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Show Notes:

Welcome to Hello Rebecca Ray, our collective home for courage, growth, and human to human connection. I’m your host, Dr. Rebecca Ray, human, clinical psychologist, author, and educator. I know only too well how fear, comparison, and self doubt can stifle your potential. This podcast is all about brave and meaningful living, and how you can make your authentic contribution to the world today, and everyday.

Hi lovely one, welcome to episode number 64 of Hello, Rebecca Ray. In this episode, I want to take you through a happiness audit. Because following on from our last episode, where we looked at the counterintuitive path to happiness, I want you to ask yourself, how happy are you, really. So I want to take you through six science backed questions to assess your happiness levels. But before we start, I just want you to think about what score would you put on your happiness? And what would you use as your scale? Maybe you might automatically think about your income, or your postcode, or your number of likes on the most recent pics that you posted on social media. But I’m hoping that you won’t use any of these, because science tells us that they actually don’t matter much. Despite the fact that the media bombards us with messages that tell us that they do. In fact, according to Dr. Sonya Liabermeski’s happiness pie. What contributes to our happiness is far less about what we have. Only about 10% of our happiness comes from stuff and life circumstances, and far more about what we actually do. A whopping 40% of our happiness is down to the intentional activities that we choose to fill our days. The other 50% is down to what’s referred to as a genetic set point. That is the general level of happiness we attain thanks to our personality and our general genetic makeup.

Taking a moment to self audit your happiness levels can give you valuable information about where you are on track or off track. To do so though, we need to look at what you’re doing with your 40% sized piece of happiness pie. And I’m here to help you decide how best to fill that slice based on what science tells us about ideal psychological well being. While everyone is different, and these questions are not exhaustive. They are a good starting place for evaluating your current state of well being and fulfilment. So I want you to listen as we go through them and see where you see it at the end of the assessment.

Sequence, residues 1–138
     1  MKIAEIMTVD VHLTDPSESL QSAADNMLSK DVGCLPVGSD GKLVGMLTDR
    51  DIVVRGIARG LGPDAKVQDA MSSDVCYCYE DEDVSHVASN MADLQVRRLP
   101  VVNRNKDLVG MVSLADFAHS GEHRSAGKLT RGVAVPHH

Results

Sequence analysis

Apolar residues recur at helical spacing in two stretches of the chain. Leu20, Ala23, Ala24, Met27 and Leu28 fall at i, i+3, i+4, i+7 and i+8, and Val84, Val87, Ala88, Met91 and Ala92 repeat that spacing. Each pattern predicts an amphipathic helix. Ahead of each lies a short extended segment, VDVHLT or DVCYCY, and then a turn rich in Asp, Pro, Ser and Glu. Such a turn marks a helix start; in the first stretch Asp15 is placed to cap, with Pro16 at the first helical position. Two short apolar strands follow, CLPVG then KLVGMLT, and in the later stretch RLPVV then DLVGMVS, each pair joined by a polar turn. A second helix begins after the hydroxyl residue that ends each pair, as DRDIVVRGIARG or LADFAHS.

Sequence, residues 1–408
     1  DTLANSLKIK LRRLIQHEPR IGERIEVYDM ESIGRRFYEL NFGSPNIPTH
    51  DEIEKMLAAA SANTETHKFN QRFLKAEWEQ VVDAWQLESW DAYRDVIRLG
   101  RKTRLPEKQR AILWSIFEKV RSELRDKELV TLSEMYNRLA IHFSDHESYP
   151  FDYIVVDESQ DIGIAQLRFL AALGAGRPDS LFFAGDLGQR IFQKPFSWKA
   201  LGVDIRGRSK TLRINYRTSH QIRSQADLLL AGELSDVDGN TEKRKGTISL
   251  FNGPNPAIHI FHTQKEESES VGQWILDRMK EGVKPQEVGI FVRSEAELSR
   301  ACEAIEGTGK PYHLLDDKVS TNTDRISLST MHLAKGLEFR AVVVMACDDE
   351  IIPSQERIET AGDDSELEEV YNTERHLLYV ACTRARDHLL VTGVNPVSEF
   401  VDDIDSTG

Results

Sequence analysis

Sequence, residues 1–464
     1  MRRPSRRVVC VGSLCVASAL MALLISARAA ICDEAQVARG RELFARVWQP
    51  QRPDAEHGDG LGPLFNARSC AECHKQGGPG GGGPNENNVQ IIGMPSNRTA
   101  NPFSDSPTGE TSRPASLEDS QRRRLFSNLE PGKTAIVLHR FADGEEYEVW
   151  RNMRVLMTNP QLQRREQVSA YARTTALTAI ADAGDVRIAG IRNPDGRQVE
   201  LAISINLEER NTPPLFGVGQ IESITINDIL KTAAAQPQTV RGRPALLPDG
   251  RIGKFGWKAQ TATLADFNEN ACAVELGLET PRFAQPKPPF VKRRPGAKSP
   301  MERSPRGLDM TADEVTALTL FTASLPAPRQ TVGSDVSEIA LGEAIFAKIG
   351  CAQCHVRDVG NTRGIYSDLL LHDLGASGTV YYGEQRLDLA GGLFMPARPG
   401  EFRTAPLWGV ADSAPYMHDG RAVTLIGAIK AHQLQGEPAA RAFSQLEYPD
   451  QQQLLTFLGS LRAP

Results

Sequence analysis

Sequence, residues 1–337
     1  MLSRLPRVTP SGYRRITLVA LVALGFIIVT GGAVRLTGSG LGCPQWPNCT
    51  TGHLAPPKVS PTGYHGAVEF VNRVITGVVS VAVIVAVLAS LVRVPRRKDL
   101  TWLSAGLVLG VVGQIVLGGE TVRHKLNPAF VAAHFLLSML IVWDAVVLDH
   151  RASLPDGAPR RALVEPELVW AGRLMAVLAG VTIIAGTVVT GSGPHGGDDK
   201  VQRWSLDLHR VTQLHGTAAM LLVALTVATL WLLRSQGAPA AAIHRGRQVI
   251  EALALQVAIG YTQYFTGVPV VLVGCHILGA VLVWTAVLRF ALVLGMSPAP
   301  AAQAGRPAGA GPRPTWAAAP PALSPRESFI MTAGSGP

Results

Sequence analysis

Question number 1, do you have at least one person in your life who loves, understands and supports you? Dr. Martin Seligman, sometimes referred to as the father of positive psychology, reminds us that as social beings, we don’t thrive without love. And I’m talking about love in all its forms, not just Valentine’s Day approved love. It’s not about quantity, or Cupid. It’s about quality and connectedness. And many superficial relationships will not replace one loving solid relationship or friendship, whether that be with a family member, a partner or a friend. So who we surround you meeting the needs of your heart.

Question number two, do you have activities in your life that put you in a state of flow. Positive psychologists also are very interested in what you do to get in your flow zone. That is the activities that you do that absorb your attention and give you a sense of losing time, because they are so enjoyable. These kinds of activities are crucial for happiness, they add to our sense of well being. So what are you doing in life to spark inspiration, keep yourself motivated and feed your soul. Now hint, hint, this actually may not be your job and it doesn’t need to be your job. So if you’re thinking, oh my goodness, I spend my time in a job that doesn’t really fit for me. That’s absolutely fine. Perhaps you do pottery on the weekends or perhaps you love reading to your toddler or perhaps you adore writing poetry or you love walking your dog in nature in the morning. But I want to know what is the activity or activities more than one is also so great, that actually gives you that sense of flow. Maybe it’s just reading a great novel. These activities are really important.